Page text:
When coupled with narcissism - the inability to empathize, the exploitativeness, the sense of entitlement, the rages, the dehumanization and devaluation of others - this mindset yields abysmal contempt for the narcissist's victims. The overriding emotion of terrorists and serial killers, the amalgam and culmination of their tortured psyche - is deep seated disdain for everything human, the flip side of envy. It is cognitive dissonance gone amok. [...] To justify this apparent contradiction, the mass murderer casts himself as an altruistic savior of a group of people "endangered" by his foes. [...]

[...] Their cosmic significance is daily sustained by newspaper headlines, ever increasing bounties, admiring copycats, successful acts of blackmail, the strength and size of their opponents, and the devastation of human life and property. Appeasement works only to aggravate their drives and strengthen their appetites by emboldening them and by raising the threshold of excitation and "narcissistic supply". Terrorists and killers are addicted to this drug of being acknowledged and reflected. They derive their sense of existence, parasitically, from the reactions of their (often captive) audience.

Erich Fromm suggested that both Hitler and Stalin were narcissistic mass murderers. Hitler and Nazism are often portrayed as an apocalyptic and seismic break with European history. Yet the truth is that they were the culmination and reification of European history in the 19th century. Europe's annals of colonialism have prepared it for the range of phenomena associated with the Nazi regime - from industrial murder to racial theories, from slave labor to the forcible annexation of territory. [...] Moreover, Nazi Germany innovated by applying prevailing racial theories (usually reserved to non-whites) to the white race itself. It started with the Jews - a non-controversial proposition - but then expanded them to include "east European" whites, such as the Poles and the Russians. Germany was not alone in its malignant nationalism. [...] Nazism - and Fascism - were world ideologies, adopted enthusiastically in places as diverse as Iraq, Egypt, Norway, Latin America, and Britain. At the end of the 1930's, liberal capitalism, communism, and fascism (and its mutations) were locked in mortal battle of ideologies. [...]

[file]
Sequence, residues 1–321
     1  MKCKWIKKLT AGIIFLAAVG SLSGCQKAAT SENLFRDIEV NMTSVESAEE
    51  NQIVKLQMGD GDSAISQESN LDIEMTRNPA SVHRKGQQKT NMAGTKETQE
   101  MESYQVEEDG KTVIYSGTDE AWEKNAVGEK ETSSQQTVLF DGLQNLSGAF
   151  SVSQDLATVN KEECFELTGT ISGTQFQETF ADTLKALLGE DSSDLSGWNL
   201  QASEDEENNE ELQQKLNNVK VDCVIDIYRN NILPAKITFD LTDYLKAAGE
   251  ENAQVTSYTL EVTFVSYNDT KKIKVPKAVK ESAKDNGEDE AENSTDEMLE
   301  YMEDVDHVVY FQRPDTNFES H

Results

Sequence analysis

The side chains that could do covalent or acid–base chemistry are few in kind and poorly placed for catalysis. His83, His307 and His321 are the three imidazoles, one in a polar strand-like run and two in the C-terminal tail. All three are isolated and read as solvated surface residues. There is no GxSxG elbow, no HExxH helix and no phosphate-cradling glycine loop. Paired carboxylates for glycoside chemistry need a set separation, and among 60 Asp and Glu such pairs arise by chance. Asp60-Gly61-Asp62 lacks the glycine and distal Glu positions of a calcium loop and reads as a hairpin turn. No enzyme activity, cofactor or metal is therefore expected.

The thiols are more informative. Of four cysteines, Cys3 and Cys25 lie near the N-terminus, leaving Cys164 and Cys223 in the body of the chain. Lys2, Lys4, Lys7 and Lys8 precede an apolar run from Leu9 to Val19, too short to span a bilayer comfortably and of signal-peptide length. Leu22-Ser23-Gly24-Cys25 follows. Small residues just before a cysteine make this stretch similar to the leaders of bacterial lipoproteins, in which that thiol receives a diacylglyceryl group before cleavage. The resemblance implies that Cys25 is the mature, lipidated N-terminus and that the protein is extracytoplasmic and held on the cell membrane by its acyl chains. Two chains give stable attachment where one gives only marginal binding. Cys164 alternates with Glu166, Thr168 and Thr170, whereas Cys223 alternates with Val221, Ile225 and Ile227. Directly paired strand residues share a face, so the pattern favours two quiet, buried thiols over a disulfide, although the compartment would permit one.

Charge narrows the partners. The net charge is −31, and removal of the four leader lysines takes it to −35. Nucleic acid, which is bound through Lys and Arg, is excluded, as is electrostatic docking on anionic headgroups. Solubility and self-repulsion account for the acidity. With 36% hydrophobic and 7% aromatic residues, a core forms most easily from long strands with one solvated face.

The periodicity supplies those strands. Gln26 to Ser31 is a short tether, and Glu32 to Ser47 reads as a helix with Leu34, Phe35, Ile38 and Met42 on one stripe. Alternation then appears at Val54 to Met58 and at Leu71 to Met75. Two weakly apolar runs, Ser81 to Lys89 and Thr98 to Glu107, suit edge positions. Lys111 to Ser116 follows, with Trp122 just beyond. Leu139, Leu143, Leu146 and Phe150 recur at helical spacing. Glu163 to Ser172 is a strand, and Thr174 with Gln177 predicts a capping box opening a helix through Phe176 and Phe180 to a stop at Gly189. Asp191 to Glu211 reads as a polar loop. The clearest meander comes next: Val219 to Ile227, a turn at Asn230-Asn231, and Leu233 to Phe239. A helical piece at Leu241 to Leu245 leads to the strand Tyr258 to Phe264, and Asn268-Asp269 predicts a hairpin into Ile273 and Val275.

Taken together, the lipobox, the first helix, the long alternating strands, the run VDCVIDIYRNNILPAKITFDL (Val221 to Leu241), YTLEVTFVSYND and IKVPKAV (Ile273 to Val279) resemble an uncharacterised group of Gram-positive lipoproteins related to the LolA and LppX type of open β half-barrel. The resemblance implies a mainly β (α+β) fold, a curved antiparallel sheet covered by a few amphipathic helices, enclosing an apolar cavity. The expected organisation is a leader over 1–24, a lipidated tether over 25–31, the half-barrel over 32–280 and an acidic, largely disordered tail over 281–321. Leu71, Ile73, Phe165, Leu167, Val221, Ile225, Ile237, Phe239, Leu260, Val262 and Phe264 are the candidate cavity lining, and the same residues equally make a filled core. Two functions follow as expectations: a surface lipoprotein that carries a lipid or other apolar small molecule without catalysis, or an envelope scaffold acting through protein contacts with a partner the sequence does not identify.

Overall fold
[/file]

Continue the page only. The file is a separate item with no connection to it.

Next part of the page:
[...]

What was the role of the Jews in all this? [...] The Jews constituted a perfect, easily identifiable, reification of all that was "wrong" with Europe. They were an old nation, they were eerily disembodied (without a territory), they were cosmopolitan, they were part of the establishment, they were "decadent", they were hated on religious and socio-economic grounds, they were different, they were narcissistic (felt and acted as morally superior), they were everywhere, they were defenseless, they were credulous, they were adaptable (and thus could be co-opted to collaborate in their own destruction). They were the perfect hated father figure and parricide was in fashion.

[...]




Arguments for the strategic "outing" of public figures who are homosexual often claim that by revealing to the heterosexual community the significant contributions of homosexuals, homosexuality will become more acceptable to dominant society. As we recognize that not only actors, singers, and movie directors are "queer," but also CEOs, bankers and legislators, we will become more comfortable with homosexuality. But threatening to "out" the-average-Joe does nothing more than destroy his life and does not serve the community. Not to mention, that even by law, private individuals have a greater zone of privacy than do public figures.